“The Write’s Tough,” by Michael Price

Aug 20th, 2014 | By | Category: Fiction, Prose

I think I may have a problem. I first got an inkling while proofing my last short story, “Life with Shoe Polish,” which, sadly, isn’t as good as it sounds. As a supposed man of words, the interminable quest for viable, interesting plots and characters may catch up with me somewhere down the line. That said, some thoughts over which I am currently mulling:

I’ve already been working on a one-act play: A woman comes home from work to discover her Pomeranian has been appointed U. S. Ambassador to Maldives. The very model of canine sexuality, Monsieur Barque-Barque inexplicably attempts suicide but, fortunately, his weapon is one of those ultra-realistic looking squirt rifles and he succeeds only in heinously matting his fur, making him look more than a little bit anorexic. He eventually resigns his post and runs away to join the Peace Corp, where he not only stumbles upon the irrepressible enjoyment of smoking pickled aphids in a beer bong but also the proper etiquette when passing gas through prison bars. The end will surely sneak up on you: Little Barkie becomes a Broadway sensation in the smash hit historical drama “Lint in the 24th Century,” where the little fella stops the show in act three with his particularly moving portrayal of an overemotional toenail clippers. As yet untitled.

A possible short story idea: John and Margie Taxidonkey share an outspoken belief in ghosts, but only the ones that make the bed when they leave in the morning. In a spectacularly vivid dream, John is confronted by an especially effeminate apparition, who maintains that heaven is a lovely place to visit but advises John against the pin-striped onesy/teal tam outfit he has planned. In a related dream, Jasper the Casper also mentions something to Margie about hell being a bit humid this time of year but, at the time, she’s rinsing her hair in a crock pot of chili con queso and doesn’t hear a word and later crashes an international convention of insurance salesmen, calling out, “What the hell is literal vagary?” several times during a speech by an Alex Trebek impersonator.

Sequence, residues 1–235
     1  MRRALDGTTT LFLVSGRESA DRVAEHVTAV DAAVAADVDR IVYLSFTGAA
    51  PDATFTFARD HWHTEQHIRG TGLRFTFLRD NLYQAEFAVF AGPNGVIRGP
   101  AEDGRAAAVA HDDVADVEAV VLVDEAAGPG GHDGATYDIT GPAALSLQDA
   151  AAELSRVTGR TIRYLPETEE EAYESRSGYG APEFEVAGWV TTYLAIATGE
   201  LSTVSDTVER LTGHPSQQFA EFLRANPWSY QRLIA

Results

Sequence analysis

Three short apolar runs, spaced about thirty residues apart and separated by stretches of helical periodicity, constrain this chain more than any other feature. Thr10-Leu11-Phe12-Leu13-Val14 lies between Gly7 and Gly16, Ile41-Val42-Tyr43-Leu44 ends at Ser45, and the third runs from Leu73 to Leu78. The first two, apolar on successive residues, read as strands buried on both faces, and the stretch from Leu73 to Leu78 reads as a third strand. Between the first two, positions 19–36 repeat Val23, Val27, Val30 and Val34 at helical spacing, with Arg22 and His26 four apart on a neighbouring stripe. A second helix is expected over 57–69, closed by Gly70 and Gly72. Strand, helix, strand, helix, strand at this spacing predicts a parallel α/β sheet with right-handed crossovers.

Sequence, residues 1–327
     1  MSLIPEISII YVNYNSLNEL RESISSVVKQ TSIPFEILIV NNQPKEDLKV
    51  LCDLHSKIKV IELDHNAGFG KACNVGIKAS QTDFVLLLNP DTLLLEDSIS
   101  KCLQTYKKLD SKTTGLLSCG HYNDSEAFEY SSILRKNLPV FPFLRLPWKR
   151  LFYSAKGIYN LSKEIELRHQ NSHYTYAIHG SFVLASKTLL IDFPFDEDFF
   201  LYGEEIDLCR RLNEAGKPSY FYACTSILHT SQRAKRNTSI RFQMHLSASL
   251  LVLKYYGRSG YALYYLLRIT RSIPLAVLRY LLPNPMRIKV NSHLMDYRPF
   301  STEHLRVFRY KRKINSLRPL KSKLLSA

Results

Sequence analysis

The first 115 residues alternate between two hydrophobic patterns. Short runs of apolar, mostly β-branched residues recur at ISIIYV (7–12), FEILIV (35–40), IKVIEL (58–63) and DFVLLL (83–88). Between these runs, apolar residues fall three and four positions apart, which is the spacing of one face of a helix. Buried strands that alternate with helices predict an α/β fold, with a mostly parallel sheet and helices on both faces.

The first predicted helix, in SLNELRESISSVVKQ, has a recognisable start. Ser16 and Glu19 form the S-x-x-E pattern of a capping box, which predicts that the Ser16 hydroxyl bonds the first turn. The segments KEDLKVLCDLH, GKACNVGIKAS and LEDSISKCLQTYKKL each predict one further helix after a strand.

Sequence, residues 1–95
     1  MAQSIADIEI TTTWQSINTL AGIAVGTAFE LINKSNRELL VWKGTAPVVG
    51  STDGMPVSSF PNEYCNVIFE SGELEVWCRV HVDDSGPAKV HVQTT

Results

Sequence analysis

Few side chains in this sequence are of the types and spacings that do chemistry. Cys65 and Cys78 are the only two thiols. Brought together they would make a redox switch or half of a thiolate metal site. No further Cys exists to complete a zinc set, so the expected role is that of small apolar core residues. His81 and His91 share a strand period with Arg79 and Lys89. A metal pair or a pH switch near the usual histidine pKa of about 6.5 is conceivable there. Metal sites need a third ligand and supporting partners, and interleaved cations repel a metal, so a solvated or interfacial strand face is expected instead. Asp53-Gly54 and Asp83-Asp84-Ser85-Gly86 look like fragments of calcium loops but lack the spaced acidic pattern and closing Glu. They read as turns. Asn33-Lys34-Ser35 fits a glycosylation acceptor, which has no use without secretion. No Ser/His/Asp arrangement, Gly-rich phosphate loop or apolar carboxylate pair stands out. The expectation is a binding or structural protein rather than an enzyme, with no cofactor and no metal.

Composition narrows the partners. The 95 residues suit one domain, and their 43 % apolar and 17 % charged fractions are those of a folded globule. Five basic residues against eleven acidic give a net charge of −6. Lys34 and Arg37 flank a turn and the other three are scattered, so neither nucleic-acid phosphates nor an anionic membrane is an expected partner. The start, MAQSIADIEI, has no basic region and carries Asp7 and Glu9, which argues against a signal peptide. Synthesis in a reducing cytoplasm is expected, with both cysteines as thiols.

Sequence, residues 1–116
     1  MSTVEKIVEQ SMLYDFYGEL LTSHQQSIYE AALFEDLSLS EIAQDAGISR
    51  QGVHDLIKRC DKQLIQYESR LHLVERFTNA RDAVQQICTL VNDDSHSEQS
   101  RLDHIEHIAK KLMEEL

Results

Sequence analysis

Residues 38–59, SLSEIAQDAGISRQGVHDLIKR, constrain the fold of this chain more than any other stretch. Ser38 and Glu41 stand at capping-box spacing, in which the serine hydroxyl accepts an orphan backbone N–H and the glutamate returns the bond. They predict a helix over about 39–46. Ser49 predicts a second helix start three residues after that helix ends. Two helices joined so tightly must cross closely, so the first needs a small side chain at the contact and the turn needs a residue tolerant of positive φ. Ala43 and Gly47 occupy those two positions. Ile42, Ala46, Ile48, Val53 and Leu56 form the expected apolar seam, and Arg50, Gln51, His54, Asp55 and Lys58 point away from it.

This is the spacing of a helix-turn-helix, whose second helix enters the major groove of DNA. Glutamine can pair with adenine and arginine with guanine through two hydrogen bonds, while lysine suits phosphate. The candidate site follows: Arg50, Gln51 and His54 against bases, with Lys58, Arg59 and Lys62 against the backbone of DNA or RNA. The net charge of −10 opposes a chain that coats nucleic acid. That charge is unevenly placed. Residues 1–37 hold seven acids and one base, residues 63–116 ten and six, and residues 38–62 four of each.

In a novella with the working title “Urban Cramping,” a teen-aged girl wakes up one morning to discover she has changed into her mother’s bundt pan. Substantially aroused, she spends hour after hour perched on the edge of her bed fondling a giant economy-size can of Liquid Plumber to the velvet croonings of Ry Cooder’s Greatest Hits. She later joins a support group for people who never pick up loose change off the ground and impulsively dives into her little brother’s kiddie pool filled with fruit cocktail. In the end, she accidentally kills herself by sticking her finger down her throat, and leaving it there. It’s a little slow moving at first, but “Cramping” picks up considerably in the middle of chapter two after the young lady gets a nipple stuck in the garbage disposal.

Or, how about this: A former Playgirl model bumps into an old girlfriend in the produce department of Ralph’s, significantly contusing her left areola. After years of therapy, he has finally come to terms with their break-up and now accepts her parting depiction of him as “a rotting and nauseating swine carcass” was uttered out of concern for his mental health rather than cruel hatred, which was his initial thought. She, however, never the benevolent sort, rediscovers the enfeebling capacity of an accurately launched ten-pound bag of potatoes and over-tips the bag boy to help her tie him up in the middle of the dollar isle wearing a “Past Due Date” sign around his waist. Important determination: light comedy or memoir?

The theme in my work-in-progress first person narrative “Tower of Scraggle” ruthlessly explores the age-old question, “Is there a God?” And if there is, what’s His excuse? Does He have to answer the same three life insurance questions as everybody else? Are His inoculations up to date? When He gets P.O.’d, does He actually say, “I, incidentally, do damn it!”—like my friend Merton Mandlebury has maintained for years? And if He is indeed all powerful, why did I so grossly overpay for cable last month? My mind is burdened with doubt, doubt which I suggest in the story’s final paragraph could be easily lifted by a 4-14-24-32-43 and 13 Power Ball ticket, sold at the Holiday Station, right down the street, just on the other side of McDonalds. Hint, hint, God… or would I have had to even say that?